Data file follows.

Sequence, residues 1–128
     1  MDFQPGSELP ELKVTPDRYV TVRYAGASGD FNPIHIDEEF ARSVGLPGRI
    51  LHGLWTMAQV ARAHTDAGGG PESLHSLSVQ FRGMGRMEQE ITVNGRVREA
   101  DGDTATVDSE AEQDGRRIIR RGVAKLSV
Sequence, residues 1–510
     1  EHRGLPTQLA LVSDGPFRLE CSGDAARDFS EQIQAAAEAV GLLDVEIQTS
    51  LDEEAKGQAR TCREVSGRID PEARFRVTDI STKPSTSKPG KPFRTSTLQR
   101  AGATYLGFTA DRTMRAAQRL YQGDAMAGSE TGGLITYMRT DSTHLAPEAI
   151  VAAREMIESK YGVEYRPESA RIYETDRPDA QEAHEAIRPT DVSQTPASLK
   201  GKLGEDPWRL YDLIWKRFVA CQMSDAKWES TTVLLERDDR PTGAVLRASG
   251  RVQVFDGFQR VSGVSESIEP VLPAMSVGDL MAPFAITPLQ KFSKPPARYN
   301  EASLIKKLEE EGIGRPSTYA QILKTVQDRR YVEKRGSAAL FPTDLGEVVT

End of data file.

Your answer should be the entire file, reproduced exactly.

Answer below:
Sequence, residues 1–128
     1  MDFQPGSELP ELKVTPDRYV TVRYAGASGD FNPIHIDEEF ARSVGLPGRI
    51  LHGLWTMAQV ARAHTDAGGG PESLHSLSVQ FRGMGRMEQE ITVNGRVREA
   101  DGDTATVDSE AEQDGRRIIR RGVAKLSV
Sequence, residues 1–510
     1  EHRGLPTQLA LVSDGPFRLE CSGDAARDFS EQIQAAAEAV GLLDVEIQTS
    51  LDEEAKGQAR TCREVSGRID PEARFRVTDI STKPSTSKPG KPFRTSTLQR
   101  AGATYLGFTA DRTMRAAQRL YQGDAMAGSE TGGLITYMRT DSTHLAPEAI
   151  VAAREMIESK YGVEYRPESA RIYETDRPDA QEAHEAIRPT DVSQTPASLK
   201  GKLGEDPWRL YDLIWKRFVA CQMSDAKWES TTVLLERDDR PTGAVLRASG
   251  RVQVFDGFQR VSGVSESIEP VLPAMSVGDL MAPFAITPLQ KFSKPPARYN
   301  EASLIKKLEE EGIGRPSTYA QILKTVQDRR YVEKRGSAAL FPTDLGEVVT